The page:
Where can readers find the book? Is it available in hardcover, softcover, and ebook editions?

The book is currently available via Hidden Tiger – www.hiddentigerbooks.co.uk – with checkout and delivery via Lulu.com. Readers might be able to save 15% by using the sale codeword: FWD15. It is currently available in dust-jacketed hardcover and perfect bound softcover editions. The paperback will be available from Amazon sites within one month and a Kindle ebook will follow in the New Year.


What projects are next on the horizon for you?

I’m currently putting the finishing touches on another Avengers project, this one spanning the full series, called Avengerworld. This is a charity project comprising something in the region of 40 essays, written by Avengers fans around the world [Spy Vibe's Jason Whiton contributed the Afterword], on the theme “The Avengers in my life”. Judging by the high standard of essays received thus far, this will not only be an entertaining read, it will also relate some anecdotes and information that will be of great interest to fans of the series.

Also nearing completion is a follow-up book to Two Against the Underworld, which – typically for us – is a prequel rather than a sequel! It will bring to life another mostly missing British television series, Police Surgeon, which was the show that directly preceded The Avengers and also starred Ian Hendry. For this book, we’ve been granted access to the 11 surviving scripts and have had the assistance of several people involved in the production of the series. This should be ready in the early months of 2016, all things going to plan!

Sounds exciting! With the influence of The Avengers still resonating throughout popular culture and fashion, I'm happy to know you are digging further into the records to shed more light on this transformative period. Thanks, Alan! I look forward to chatting more about the next releases. 



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November 22, 2015

JAZ WISEMAN INTERVIEW

Interview: Jaz Wiseman. If you are a fan of The Avengers, Danger Man, The BaronThe Persuaders!, and many other classic spy series from the 1960s and 1970s, chances are you have enjoyed the work of Jaz Wiseman. He's been the man behind the curtain, as it were, and his efforts to preserve and document these British programs has left a wondrous trail of DVD and Blu-ray box sets, cast/crew interviews and commentary, soundtrack recordings, and numerous publications. Jazz has three books available now on Lulu, which are also currently on sale! Buyers can get 25% off through November 23rd with the sale code: SHOP25 (case sensitive). It's a great time to pick up his two excellent volumes of The Morning After (containing interviews, news and commentary about The Persuaders! and other shows) and his new book covering the history of The Persuaders! trading card collection. Jazz joined us in the Spy Vibe lair this week to tell us more about the new books and his various projects. Welcome, Jaz Wiseman!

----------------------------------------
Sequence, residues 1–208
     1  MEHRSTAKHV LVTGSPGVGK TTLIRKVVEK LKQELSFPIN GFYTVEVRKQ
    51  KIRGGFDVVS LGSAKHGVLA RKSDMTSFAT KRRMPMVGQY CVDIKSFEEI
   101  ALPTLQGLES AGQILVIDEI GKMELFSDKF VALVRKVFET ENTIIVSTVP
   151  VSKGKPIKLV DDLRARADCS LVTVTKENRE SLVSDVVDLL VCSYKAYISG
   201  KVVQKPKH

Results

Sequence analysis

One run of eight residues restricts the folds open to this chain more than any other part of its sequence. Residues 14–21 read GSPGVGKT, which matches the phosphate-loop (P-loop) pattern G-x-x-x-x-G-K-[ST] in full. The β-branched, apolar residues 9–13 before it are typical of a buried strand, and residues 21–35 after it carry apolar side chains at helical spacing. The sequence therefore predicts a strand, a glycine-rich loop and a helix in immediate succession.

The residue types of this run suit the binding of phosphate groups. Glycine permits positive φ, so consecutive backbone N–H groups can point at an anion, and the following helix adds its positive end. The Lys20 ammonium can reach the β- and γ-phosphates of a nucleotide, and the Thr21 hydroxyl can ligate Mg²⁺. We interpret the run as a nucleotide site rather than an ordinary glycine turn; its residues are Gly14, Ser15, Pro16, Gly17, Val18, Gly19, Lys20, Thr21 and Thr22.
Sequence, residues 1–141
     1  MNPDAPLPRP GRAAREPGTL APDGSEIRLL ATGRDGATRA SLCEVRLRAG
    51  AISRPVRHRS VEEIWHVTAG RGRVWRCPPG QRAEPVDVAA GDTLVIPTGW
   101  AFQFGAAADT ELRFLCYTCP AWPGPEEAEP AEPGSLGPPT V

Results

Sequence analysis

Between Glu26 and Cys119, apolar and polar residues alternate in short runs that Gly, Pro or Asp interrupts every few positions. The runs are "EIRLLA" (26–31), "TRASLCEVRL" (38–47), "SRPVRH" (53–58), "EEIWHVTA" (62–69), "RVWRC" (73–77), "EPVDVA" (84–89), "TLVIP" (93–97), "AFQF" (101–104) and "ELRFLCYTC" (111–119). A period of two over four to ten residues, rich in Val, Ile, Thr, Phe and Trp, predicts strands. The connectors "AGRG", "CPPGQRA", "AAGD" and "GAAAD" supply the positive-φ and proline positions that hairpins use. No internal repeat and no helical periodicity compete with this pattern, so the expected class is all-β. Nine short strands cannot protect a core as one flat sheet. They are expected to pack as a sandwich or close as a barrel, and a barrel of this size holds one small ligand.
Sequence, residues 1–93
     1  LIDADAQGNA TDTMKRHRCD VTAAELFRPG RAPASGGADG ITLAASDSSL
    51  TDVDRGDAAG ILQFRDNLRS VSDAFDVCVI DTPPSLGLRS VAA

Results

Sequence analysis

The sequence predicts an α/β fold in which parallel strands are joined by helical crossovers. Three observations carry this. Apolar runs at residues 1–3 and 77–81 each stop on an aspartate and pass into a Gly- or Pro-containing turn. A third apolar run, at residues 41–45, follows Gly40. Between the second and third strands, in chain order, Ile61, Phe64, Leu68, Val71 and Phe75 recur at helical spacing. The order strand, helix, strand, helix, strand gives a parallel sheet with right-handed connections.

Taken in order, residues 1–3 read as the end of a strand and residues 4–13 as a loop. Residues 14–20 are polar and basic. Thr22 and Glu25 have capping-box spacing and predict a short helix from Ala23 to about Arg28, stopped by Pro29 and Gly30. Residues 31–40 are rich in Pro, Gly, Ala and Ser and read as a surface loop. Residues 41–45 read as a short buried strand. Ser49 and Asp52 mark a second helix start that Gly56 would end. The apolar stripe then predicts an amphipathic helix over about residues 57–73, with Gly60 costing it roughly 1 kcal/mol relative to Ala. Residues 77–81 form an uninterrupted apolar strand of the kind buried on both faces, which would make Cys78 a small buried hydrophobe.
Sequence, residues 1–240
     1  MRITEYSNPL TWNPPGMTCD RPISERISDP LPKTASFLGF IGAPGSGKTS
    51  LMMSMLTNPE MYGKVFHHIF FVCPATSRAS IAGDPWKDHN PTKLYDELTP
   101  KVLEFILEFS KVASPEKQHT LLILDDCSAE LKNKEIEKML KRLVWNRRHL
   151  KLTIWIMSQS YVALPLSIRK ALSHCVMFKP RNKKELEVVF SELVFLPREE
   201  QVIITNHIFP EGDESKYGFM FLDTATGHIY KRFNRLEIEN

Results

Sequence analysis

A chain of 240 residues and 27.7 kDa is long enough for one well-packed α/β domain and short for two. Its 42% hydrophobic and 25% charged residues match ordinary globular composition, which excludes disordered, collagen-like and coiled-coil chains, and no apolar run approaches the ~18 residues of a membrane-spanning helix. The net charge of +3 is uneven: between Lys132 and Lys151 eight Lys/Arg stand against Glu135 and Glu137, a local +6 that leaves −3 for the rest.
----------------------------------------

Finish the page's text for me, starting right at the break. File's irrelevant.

Tell us more about the original Persuaders! card set. When was it produced? Was it available outside of the UK?

The Persuaders! gum cards were produced by the Dutch company Monty Factories in 1971. The set was made up of 97 colour cards and they were available in the UK, France, Belgium, The Netherlands and Germany. The set was also licensed in Israel but I’m unsure if these were printed at the factory in The Netherlands or in Israel itself.




Do the cards contain images of any scenes that were cut from transmission? What are some of your favorite cards?

The cards don’t contain any cut scenes but there a number from rehearsal scenes that I have identified in the accompanying captions. There are also some nice publicity photos taken on set that were for the German TV magazine Bravo. I think these will be interesting to fans as they are unusual.

What are some of the bonus images included in the book such as card wrappers, backing images, etc?

The book includes images of the front and back covers of the collectors album plus the two pages of the stars that are inside the album. The wrapper front and back and the distributor box that contained 200 gum packs are also included. In 1976, Monty produced a set of 100 cards called The Cops that included 15 cards from The Persuaders!. Also included are the four silver foil cards that were issued as part of a larger 55 card set that featured popular TV series, popstars and film stars. Individual cards were given away packets of biscuits in Belgium during a promotional campaign in 1971/72.

What are the dimensions of the book? Is it hardcover or softcover?

The book is softback, 216mm x 216mm and printed in colour throughout.


When did you first discover the great spy shows? What were some of your early impressions?

My earliest memory of these kind of shows is loving Captain Scarlet and the Mysterons as a young child in the early 70s. I had the Dinky toys, annuals, etc and because I had older brothers and sisters I ended up watching lots of TV shows with them. I remember seeing the 50 minute episodes of Danger Man repeated in 1981 and really got into these as I was a James Bond, spy film fan, as most kids my age were back then. Then in the early and mid 80s, ITV and Channel 4 started showing repeats of everything from The Avengers, Danger Man (25 mins), The Champions, The Baron, Randall and Hopkirk (Deceased), Captain Scarlet and more so my VHS machine was in overdrive taping all these. Some of these shows were new to me but others I had very vague memories of – I just loved them as they were like one-hour short films.